The Strategy of Robert E. Lee

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Neale Publishing Company, 1914 - HISTORY - 256 pages
General Robert E. Lee was the most celebrated general in the American Civil War. His leadership led the Confederate States of America close to victory against the Union. This interesting work from the early 20th century is an account of his strategy employed in his various campaigns of the war.
 

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Page 76 - I think Lee has made a gross mistake, and that he will be severely punished for it. The army is in motion as rapidly as possible.
Page 57 - I have come to you from the West, where we have always seen the backs of our enemies — from an army whose business it has been to seek the adversary, and to beat him when found, whose policy has been attack and not defence.
Page 99 - I have heard, in such a way as to believe it, of your recently saying that both the Army and the Government needed a Dictator. Of course it was not for this, but in spite of it, that I have given you the command. Only those Generals who gain successes can set up dictators. What I now ask of you is military success, and I will risk the dictatorship.
Page 99 - I have placed you at the head of the Army of the Potomac. Of course I have done this upon what appear to me to be sufficient reasons, and yet I think it best for you to know that there are some things in regard to which I am not quite satisfied with you.
Page 65 - I am clear that one of two courses should be adopted : first, to concentrate all our available forces to open communication with Pope ; second, to leave Pope to get out of his scrape, and at once use all our means to make the capital perfectly safe.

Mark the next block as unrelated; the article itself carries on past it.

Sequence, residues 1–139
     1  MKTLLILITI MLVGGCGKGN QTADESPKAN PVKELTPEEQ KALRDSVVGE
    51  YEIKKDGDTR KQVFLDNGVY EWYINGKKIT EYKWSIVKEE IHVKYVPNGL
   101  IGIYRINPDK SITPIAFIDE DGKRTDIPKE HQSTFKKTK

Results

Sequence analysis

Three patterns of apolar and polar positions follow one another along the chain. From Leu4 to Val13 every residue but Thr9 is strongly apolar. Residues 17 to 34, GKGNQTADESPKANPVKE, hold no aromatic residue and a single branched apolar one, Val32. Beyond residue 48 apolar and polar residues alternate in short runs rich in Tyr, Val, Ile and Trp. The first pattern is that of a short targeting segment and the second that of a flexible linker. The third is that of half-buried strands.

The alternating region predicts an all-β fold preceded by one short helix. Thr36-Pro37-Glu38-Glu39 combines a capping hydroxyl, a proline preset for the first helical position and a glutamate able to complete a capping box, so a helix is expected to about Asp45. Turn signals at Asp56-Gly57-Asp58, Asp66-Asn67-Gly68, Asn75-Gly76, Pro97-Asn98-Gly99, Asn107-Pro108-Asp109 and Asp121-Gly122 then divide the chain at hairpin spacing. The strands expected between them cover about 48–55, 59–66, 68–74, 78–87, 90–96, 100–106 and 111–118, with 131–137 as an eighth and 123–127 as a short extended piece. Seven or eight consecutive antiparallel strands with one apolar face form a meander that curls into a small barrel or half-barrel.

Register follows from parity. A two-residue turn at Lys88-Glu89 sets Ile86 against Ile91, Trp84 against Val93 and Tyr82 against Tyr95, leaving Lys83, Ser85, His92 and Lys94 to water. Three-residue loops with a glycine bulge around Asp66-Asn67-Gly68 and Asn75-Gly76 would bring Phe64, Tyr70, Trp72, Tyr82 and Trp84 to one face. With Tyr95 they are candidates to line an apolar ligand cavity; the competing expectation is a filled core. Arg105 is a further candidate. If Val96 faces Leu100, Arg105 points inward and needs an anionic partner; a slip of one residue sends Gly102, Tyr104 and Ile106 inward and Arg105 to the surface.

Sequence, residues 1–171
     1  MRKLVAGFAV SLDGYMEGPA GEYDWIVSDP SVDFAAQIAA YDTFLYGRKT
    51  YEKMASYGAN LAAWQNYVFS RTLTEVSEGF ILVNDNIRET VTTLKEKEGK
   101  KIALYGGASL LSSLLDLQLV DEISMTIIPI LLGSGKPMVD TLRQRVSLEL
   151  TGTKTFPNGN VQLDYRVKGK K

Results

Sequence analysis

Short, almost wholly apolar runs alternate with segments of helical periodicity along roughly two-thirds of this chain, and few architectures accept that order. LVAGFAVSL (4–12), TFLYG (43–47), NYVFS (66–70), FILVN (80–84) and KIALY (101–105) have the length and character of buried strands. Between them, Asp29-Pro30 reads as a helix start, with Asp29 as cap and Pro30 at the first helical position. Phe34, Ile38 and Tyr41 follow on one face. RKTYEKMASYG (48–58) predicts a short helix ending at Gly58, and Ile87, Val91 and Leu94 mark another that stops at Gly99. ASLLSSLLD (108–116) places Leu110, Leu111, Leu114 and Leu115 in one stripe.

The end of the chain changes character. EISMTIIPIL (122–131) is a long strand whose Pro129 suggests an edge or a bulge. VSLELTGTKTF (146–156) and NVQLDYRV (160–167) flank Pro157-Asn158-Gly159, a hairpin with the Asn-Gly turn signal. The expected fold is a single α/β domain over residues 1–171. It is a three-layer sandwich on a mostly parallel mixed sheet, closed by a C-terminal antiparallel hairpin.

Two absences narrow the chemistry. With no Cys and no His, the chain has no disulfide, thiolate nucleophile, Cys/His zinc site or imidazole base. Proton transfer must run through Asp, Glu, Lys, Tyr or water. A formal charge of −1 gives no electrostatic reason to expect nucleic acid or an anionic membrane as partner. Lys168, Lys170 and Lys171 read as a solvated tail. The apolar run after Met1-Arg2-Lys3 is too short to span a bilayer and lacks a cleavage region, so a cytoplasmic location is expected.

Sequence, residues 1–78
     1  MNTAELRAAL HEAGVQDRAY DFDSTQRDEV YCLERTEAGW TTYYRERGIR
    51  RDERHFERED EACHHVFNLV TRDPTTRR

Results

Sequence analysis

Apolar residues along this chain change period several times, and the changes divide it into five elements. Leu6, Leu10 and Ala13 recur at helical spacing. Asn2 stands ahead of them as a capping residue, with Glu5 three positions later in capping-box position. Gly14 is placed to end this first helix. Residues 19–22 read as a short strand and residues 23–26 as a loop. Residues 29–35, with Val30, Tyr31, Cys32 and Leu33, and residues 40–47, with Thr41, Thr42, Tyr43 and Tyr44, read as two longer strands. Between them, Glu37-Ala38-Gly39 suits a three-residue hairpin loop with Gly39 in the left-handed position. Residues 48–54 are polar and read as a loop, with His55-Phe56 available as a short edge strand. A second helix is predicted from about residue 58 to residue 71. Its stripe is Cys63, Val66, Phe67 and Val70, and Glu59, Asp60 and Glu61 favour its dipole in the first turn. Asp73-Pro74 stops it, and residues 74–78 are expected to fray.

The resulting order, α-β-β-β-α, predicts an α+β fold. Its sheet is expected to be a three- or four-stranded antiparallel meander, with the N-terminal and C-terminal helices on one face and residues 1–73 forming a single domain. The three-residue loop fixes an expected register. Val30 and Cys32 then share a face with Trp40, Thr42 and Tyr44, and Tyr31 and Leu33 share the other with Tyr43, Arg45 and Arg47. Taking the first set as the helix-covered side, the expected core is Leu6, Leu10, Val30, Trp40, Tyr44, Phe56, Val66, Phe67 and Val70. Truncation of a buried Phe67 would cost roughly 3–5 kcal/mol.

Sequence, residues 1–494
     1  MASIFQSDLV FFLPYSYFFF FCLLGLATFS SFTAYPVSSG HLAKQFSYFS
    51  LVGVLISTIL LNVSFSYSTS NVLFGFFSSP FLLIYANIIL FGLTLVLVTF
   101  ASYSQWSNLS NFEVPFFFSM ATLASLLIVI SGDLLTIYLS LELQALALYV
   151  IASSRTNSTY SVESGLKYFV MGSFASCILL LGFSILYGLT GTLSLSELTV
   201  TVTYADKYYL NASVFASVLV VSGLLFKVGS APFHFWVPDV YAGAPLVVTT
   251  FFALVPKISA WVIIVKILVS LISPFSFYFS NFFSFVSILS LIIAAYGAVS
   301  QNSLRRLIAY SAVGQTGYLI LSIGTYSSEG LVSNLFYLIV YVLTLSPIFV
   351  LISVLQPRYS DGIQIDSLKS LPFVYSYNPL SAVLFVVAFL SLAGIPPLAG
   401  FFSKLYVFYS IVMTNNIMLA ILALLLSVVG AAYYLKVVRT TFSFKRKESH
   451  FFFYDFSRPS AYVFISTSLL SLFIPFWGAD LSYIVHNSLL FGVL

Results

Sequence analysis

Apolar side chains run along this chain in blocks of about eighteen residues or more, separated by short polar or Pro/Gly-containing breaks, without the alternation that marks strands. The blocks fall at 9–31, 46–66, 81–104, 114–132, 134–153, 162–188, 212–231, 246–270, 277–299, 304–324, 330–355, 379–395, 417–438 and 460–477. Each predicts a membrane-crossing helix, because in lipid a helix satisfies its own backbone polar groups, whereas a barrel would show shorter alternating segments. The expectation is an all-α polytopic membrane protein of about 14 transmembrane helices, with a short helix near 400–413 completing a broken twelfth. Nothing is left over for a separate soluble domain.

Page 58 - taking strong positions and holding them," of "lines of retreat," and of "bases of supplies.
Page 57 - I presume that I have been called here to pursue the same system and to lead you against the enemy. It is my purpose to do so, and that speedily.
Page 81 - At that moment —Virginia lost, Washington menaced, Maryland invaded — the national cause could afford no risks of defeat. One battle lost, and almost all would have been lost. Lee's army might then have marched as it pleased on Washington, Baltimore, Philadelphia, or New York.
Page 39 - Intelligence from various quarters leaves no doubt that the enemy in great force are marching on Washington. You will please organize and forward immediately all the militia and volunteer force in your State...
Page 75 - I have all the plans of the rebels, and will catch them in their own trap, if my men are equal to the emergency.

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